Prayer and the false cause fallacy
Just because you prayed for something to happen and later saw a result does not mean prayer was responsible.
Appeals to intercessory prayer — a request to God from one person aiming to better another’s life — as evidence of God existing are spectacularly weak, plagued by a fundamental error in informal logic known as the false cause fallacy.
The false cause fallacy occurs when one supposes that because one action (an initial action) had taken place before another (a result), the initial action must be the cause of the result [when this is actually not the case].
A Christian, for instance, may pray to God for a person to recover from a sickness. Upon recovery, the Christian may conclude that prayer was responsible for the recovery while falsely attributing prayer to the recovery. The fact that prayer alone happened before the recovery does not necessitate that prayer had caused the recovery; one would have to provide a very good explanation for why prayer had led to the recovery.
Humans are apt to find many ‘patterns’ among random events and draw conclusions when believing links between events exist. Some slot machine players, for instance, are especially superstitious and — although there is no good evidence to suggest certain superstitions are true (and plenty of evidence to suggest they are not) — believe that events wholly unrelated to a long or short-term outcome are responsible for winnings.
For instance, some slot machine players believe that hitting a button at a faster pace will lead to a better result (not just more spins per hour). Some slot machine players will believe that removing a player’s card, switching machines at certain frequencies, or rubbing a machine will lead to better results.
A slot machine player might, immediately following rubbing a machine (or even long after doing so) may believe that machine-rubbing was responsible for the positive outcome when it is actually the case that over the long-run — regardless of any rubbing — slot machines have random algorithms and pay schedules which lead to, in almost all cases except for rare lucrative casino promotions, the casino having an edge over slot players.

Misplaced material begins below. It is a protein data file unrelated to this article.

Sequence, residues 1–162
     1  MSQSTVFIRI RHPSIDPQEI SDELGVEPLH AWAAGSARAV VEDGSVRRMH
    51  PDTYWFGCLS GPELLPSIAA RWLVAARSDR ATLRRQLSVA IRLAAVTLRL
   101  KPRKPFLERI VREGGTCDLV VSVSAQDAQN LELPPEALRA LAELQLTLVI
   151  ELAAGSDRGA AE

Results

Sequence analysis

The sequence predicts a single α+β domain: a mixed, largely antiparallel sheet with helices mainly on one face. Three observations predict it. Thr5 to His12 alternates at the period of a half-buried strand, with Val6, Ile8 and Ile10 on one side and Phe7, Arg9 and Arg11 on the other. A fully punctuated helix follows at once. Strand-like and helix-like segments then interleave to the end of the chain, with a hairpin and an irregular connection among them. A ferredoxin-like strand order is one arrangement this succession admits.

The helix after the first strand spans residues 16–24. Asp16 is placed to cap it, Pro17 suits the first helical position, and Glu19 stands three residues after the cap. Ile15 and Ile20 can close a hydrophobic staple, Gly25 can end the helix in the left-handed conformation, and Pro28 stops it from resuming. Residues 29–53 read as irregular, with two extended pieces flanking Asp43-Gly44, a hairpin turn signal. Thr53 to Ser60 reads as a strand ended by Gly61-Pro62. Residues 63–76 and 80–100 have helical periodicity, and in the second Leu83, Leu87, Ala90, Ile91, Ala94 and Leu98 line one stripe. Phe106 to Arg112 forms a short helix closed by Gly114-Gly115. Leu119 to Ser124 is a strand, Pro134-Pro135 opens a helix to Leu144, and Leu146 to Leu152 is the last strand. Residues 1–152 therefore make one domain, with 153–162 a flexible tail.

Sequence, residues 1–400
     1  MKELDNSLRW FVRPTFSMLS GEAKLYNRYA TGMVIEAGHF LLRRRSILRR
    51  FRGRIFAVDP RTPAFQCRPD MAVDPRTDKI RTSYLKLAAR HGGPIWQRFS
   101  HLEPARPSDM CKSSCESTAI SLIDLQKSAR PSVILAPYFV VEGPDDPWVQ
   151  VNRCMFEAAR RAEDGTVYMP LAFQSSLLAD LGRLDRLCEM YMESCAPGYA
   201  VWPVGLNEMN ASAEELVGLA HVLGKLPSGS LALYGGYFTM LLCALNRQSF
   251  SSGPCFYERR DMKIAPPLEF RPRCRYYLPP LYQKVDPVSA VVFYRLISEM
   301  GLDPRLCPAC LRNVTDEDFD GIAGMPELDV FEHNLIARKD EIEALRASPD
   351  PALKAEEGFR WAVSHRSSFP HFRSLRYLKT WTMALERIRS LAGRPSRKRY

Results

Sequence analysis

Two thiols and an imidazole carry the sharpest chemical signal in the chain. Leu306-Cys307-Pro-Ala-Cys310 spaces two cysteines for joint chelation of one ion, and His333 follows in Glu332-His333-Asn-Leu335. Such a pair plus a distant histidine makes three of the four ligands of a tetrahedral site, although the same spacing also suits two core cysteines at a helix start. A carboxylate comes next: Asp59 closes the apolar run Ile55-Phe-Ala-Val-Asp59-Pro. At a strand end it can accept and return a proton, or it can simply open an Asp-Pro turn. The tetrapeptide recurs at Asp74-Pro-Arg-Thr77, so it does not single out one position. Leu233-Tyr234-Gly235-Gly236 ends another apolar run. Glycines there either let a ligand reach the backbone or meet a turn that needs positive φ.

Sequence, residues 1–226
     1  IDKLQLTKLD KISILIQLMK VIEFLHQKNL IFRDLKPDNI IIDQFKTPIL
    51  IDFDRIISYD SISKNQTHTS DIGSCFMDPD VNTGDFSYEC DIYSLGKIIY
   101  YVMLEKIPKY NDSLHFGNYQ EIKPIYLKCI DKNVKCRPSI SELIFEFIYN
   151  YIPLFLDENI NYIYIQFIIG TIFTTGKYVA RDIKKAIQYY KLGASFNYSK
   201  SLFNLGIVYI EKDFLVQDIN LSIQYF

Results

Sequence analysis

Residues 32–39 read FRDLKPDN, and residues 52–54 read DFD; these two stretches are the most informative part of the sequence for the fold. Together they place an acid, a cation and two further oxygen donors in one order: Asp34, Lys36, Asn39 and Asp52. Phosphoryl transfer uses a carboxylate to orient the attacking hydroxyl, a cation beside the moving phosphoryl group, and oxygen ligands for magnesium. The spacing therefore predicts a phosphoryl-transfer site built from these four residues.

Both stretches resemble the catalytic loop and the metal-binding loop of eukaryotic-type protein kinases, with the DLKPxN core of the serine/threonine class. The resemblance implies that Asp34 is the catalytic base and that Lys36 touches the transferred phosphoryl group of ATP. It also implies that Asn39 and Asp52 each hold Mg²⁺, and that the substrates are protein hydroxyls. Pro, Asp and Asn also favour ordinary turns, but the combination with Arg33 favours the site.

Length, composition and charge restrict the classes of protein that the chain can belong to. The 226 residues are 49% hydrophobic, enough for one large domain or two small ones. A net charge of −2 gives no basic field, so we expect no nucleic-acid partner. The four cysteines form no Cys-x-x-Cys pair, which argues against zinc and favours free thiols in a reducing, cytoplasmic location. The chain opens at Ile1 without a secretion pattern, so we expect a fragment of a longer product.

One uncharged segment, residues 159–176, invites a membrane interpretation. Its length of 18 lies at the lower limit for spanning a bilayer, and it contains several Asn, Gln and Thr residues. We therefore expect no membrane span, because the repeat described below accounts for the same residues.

The Christian who believes that a prayer lead to recovery from sickness behaves similarly to the slot player who believes machine-rubbing lead to a jackpot winning; both detect patterns and wrongly attribute an initial action to an outcomes when there is no good reason to do so.
The prayerful Christian, too, uses similar thought processes as adherents to other religions; many religious individuals believe their prayers lead to divine intercession. Can a thought process be considered justified if similar thought processes lead to different results? The Muslims, Hindus, and Christians who claim that prayers lead to positive results cannot simply all be right…but they could all be wrong. Is the Christian believes the Muslim is wrong about Muslim appeals to prayer, and they both use a similar thought process, why should the Christian appeal be privileged?
As always, feel free to comment below.
More pieces on prayer — particularly in light of the ‘free will defense’ Christians often use to explain why God doesn’t intervene in human affairs to stop ‘moral evil’ — may be upcoming.